Capital Elites: High Society in Washington, D.C. After the Civil War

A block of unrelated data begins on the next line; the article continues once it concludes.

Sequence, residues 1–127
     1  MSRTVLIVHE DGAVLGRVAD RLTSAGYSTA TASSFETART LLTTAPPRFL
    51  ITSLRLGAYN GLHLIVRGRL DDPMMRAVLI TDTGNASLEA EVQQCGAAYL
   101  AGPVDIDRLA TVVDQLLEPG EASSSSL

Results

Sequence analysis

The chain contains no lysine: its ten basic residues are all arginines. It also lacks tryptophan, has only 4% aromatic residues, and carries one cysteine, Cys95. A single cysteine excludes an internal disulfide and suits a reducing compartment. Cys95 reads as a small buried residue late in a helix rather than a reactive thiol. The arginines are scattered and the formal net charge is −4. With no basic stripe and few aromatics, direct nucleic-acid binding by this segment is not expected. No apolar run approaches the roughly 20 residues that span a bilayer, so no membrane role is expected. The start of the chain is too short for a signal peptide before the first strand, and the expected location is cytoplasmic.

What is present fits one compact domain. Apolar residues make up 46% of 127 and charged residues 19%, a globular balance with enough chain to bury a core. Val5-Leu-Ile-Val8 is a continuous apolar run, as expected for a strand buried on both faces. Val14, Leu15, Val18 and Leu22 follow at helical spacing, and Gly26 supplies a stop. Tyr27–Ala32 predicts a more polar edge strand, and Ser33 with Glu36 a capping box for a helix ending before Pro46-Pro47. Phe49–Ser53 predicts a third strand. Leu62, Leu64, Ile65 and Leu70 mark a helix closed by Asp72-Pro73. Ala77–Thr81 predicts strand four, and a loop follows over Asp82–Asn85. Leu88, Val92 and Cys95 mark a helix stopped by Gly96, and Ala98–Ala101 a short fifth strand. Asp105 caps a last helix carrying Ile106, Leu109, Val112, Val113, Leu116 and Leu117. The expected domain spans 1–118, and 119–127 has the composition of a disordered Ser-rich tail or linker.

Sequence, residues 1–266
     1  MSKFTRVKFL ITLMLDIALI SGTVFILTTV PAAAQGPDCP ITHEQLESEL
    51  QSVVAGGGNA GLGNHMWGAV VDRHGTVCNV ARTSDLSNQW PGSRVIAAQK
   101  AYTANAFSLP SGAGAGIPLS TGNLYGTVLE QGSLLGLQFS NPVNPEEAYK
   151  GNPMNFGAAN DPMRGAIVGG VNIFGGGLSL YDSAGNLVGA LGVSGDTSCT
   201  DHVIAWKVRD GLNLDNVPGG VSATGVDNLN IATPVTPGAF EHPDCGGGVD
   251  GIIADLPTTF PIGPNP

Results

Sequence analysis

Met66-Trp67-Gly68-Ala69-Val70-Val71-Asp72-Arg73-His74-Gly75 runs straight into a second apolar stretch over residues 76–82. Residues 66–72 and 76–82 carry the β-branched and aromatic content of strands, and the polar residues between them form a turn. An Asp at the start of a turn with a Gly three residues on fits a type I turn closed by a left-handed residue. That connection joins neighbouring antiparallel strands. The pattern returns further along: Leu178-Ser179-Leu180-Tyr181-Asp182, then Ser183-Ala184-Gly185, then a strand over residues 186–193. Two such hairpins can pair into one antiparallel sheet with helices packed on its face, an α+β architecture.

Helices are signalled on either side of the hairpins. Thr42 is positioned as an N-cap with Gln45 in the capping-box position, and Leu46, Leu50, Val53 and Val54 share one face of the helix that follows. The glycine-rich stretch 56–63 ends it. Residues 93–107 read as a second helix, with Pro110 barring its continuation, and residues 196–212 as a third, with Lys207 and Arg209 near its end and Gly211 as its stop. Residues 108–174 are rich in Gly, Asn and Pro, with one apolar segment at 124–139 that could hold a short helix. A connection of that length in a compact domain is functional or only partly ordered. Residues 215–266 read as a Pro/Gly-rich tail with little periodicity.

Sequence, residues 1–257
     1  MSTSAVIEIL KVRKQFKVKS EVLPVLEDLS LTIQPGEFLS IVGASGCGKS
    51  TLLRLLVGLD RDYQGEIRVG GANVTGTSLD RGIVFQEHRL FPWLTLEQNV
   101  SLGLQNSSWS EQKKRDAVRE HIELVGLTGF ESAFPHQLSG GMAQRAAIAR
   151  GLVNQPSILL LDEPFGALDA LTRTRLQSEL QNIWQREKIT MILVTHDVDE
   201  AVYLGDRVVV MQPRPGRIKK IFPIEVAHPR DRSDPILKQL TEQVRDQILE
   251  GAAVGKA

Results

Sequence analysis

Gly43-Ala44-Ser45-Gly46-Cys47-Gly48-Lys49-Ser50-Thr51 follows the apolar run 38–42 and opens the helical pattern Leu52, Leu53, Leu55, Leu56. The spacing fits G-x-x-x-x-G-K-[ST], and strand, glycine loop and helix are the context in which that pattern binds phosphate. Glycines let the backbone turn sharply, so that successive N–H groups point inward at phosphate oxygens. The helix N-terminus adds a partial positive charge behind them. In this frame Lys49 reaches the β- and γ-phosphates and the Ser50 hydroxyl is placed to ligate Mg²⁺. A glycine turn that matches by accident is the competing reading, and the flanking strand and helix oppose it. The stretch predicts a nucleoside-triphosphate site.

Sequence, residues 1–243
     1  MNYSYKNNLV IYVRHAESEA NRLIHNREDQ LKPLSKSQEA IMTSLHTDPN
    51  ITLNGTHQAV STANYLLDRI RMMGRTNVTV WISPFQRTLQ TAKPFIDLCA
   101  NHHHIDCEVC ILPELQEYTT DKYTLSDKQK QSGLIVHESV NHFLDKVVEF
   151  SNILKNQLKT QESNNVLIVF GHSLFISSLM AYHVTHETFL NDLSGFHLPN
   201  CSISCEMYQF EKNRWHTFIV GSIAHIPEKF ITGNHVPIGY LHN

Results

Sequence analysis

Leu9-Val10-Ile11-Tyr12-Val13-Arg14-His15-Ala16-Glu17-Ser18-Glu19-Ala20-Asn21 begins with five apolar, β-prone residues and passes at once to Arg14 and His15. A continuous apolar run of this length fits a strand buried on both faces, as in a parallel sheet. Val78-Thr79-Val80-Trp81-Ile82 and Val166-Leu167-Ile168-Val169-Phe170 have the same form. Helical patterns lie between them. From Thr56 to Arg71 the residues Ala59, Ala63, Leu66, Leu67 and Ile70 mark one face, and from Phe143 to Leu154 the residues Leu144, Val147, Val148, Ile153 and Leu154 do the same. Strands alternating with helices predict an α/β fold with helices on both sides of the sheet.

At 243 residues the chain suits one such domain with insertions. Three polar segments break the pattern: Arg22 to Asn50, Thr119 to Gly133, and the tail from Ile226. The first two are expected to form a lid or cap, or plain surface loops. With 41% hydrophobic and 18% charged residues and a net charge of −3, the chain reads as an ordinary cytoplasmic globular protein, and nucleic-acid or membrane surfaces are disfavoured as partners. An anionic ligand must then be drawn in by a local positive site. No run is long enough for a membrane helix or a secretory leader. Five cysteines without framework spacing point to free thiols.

In this social history of the nation's capital, Kathryn Allamong Jacob portrays the fancy dress balls, glittering embassy parties, and popular ... Show synopsis In this social history of the nation's capital, Kathryn Allamong Jacob portrays the fancy dress balls, glittering embassy parties, and popular scandal that characterized Washington's high society during the Gilded Age. Jacob argues that the capital's social elite has always been unique because its fortunes - unlike those of aristocrats who ruled other American cities - are tied inextricably to the ubiquitous presence of the federal government. Jacob shows how the Civil War affected Washington like no other city, vanquishing the hereditary elite - the Antiques - and opening the gates to new millionaires - the Parvenues - who shaped the postwar society of the capital as they shifted its center from Lafayette Square to Dupont Circle. With plentiful detail about selfish First Ladies, bitter bluebloods, greedy lobbyists, and cabinet ministers who accepted bribes to support their families' social ambitions, Capital Elites describes the magnetic attraction of political power and the ways in which moneyed society affected the conduct of government during the Gilded Age.